Review: A Midsummer Night’s Dream by ITI 2022 Graduating Cohort
Dear Oberon, King of Shadows, and Titania, Faerie Queene,
Well met by lackluster moonlight, for on this night I write this, the moon deigns not to show its reflective face. I write you this knowing that, like all other letters that foolish mortals address to both your graces, you will never read them, firstly because the wars and matters of the fey realm number too many for you to read the letter of a single insignificant mortal.
But also mostly because you do not exist.
I write to bring tidings of my experience, my joys and my sorrows, my testimony, of another group of young and intrepid mortals, who brought to life (perhaps the millionth rendition of, in this earthly realm we reside in) a version of a story you had witnessed and partaken of many a moon ago; the tale of A Midsommer Nights Dreame. As you may recall, many an audience took pleasure in witnessing the love forlorn, the mischief and mistakes of your servant Puck, and the realisation that as humans, not only is our capacity for love our greatest folly and flaw, but it is this love, the ability to tell stories and to love the myths and mystics of nature, and the capability to love each other, that is our greatest strength too.
I walked into the theatre, not knowing what to expect in terms of staging. To my pleasant surprise, the stage was bare, save for metallic-looking, thinly hung drapes that served as the wings on both stage right and left. This seemed to bode well for me, as I settled into my place, for it signaled to me a work that would rely mostly on the famed Bard’s musicality for language to set the scene, and paint the story of the famed star-crossed lovers through wordsmithing alone, instead of on superfluous dressings of set or props.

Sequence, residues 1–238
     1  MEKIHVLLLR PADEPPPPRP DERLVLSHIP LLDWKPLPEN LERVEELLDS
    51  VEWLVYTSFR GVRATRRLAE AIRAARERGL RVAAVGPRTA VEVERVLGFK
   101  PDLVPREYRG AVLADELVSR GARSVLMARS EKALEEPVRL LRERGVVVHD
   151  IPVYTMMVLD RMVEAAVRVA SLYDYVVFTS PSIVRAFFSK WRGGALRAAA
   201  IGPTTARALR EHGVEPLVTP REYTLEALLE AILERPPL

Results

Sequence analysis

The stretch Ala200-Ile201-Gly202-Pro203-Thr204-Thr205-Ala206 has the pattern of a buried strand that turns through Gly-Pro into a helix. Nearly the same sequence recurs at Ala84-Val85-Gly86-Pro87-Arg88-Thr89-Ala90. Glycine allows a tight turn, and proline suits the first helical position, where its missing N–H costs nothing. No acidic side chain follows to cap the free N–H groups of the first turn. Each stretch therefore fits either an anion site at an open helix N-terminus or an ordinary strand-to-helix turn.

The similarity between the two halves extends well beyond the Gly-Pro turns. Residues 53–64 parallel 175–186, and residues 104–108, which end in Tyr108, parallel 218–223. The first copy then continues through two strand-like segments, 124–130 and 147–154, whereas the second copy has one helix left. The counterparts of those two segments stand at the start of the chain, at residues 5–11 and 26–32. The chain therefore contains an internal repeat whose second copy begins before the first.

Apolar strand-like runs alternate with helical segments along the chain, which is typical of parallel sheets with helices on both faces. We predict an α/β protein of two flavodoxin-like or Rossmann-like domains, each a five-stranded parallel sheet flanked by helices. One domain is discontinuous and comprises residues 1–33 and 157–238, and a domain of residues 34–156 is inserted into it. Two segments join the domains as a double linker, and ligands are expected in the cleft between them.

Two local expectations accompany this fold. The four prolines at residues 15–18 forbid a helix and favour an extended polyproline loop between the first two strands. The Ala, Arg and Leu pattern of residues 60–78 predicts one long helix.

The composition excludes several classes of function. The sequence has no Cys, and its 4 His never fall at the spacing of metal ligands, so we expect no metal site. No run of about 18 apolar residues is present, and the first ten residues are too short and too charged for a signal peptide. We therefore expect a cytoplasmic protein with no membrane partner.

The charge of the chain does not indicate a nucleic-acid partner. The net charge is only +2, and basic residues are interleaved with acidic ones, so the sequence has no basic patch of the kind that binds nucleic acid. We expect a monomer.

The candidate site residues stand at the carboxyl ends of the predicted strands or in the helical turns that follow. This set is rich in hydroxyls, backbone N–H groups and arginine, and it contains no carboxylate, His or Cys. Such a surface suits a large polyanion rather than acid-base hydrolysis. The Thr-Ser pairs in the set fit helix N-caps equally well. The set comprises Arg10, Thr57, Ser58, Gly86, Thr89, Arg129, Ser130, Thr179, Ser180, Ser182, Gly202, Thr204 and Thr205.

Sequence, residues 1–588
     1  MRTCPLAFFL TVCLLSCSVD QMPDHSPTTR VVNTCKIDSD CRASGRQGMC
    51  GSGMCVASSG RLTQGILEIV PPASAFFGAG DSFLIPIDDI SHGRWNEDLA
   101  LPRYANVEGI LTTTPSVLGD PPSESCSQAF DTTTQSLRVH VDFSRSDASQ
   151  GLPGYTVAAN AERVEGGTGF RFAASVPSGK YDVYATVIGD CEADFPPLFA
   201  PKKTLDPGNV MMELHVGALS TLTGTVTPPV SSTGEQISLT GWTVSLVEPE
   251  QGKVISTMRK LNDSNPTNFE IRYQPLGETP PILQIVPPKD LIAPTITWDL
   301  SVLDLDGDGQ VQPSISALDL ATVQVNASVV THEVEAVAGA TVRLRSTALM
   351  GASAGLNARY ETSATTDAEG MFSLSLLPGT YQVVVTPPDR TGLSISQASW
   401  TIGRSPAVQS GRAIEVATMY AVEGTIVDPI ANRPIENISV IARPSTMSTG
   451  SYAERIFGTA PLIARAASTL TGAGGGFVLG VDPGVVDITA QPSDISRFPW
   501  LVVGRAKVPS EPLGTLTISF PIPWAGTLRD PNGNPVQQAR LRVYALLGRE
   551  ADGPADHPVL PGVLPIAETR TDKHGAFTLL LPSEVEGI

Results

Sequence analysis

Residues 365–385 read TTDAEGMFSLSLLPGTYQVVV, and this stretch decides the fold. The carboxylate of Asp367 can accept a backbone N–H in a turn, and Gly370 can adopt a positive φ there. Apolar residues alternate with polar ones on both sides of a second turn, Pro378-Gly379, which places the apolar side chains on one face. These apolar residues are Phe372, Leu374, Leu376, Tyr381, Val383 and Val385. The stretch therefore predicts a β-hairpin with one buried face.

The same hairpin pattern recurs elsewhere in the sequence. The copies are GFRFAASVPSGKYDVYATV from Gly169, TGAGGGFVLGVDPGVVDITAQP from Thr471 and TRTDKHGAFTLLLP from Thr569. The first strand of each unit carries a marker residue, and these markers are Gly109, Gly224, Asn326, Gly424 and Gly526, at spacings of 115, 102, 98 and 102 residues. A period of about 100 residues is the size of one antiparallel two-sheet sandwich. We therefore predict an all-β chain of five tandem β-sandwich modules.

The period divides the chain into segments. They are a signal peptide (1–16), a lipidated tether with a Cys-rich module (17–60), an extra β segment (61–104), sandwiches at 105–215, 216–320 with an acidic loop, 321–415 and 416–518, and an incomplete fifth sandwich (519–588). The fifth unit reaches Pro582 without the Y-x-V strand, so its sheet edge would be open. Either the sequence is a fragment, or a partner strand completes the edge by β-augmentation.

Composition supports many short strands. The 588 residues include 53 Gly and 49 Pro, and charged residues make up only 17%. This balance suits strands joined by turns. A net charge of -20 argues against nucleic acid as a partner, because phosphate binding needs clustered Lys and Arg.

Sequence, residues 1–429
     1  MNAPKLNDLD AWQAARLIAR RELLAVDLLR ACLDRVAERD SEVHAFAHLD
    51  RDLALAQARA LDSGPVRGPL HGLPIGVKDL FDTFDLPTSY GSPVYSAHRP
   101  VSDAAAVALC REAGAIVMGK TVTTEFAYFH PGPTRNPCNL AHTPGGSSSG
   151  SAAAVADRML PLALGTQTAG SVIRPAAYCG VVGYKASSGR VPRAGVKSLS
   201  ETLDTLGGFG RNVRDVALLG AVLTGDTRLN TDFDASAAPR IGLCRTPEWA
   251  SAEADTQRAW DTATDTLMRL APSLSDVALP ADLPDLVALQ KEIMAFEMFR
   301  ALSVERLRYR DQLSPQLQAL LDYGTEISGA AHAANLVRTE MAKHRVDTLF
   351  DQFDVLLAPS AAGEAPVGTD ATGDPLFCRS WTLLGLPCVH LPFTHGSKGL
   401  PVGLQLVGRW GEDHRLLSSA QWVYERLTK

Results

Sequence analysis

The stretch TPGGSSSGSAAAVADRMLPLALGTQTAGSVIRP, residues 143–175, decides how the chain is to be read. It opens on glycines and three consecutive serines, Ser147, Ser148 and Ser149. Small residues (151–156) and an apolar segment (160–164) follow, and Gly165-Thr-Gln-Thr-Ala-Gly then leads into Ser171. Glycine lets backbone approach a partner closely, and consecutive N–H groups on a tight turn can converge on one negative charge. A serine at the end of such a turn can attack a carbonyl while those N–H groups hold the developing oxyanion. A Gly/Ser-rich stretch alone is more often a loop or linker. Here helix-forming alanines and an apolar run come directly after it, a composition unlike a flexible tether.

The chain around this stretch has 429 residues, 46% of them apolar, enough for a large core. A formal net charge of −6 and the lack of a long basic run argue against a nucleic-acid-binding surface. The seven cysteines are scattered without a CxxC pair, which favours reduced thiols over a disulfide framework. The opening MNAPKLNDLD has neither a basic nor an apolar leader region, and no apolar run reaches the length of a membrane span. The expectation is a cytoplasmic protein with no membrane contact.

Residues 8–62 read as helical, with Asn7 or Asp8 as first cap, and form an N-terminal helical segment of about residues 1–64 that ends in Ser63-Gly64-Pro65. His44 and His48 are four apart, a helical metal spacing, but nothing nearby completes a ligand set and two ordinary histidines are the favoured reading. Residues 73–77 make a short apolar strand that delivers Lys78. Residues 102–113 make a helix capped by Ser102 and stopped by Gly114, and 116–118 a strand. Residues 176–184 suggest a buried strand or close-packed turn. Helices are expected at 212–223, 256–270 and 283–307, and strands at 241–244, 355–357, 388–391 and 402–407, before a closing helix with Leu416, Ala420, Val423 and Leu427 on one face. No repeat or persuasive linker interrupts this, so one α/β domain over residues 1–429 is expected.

As the play opened with Hippolyta and Theseus’ entrances, I was immediately struck by the flamboyance of their traditional Chinese garb that was usually associated with the Chinese theatrical styles of Kunqu (崑曲) or Xiqu (戏曲). Despite having been preempted by the programme that aspects of Eastern (and/or Southeast Asian) forms of performance would be incorporated into the piece, what still struck me was how the choice of costuming for the actors did not sit entirely well with me. As you may well know, Your Majesties, from your travels throughout the globe, the physical manifestations of specific cultural aspects bear more significance within each cultural context, and bear more significance than the sum of these parts could speak for. In essence, if in modern stagings and theatrical choices, a choice was made to displace certain aspects of these cultures and fit them into modern stagings of work, it would have to be carefully researched and choreographed, and the significance of displacing such culturally specific aspects would need to be understood by the audience witnessing such works as well. I was unsure if indeed the significance of the choice to place such cultural artforms in this piece (other than for the reason of showcasing the students’ training) was sufficiently communicated to the audience.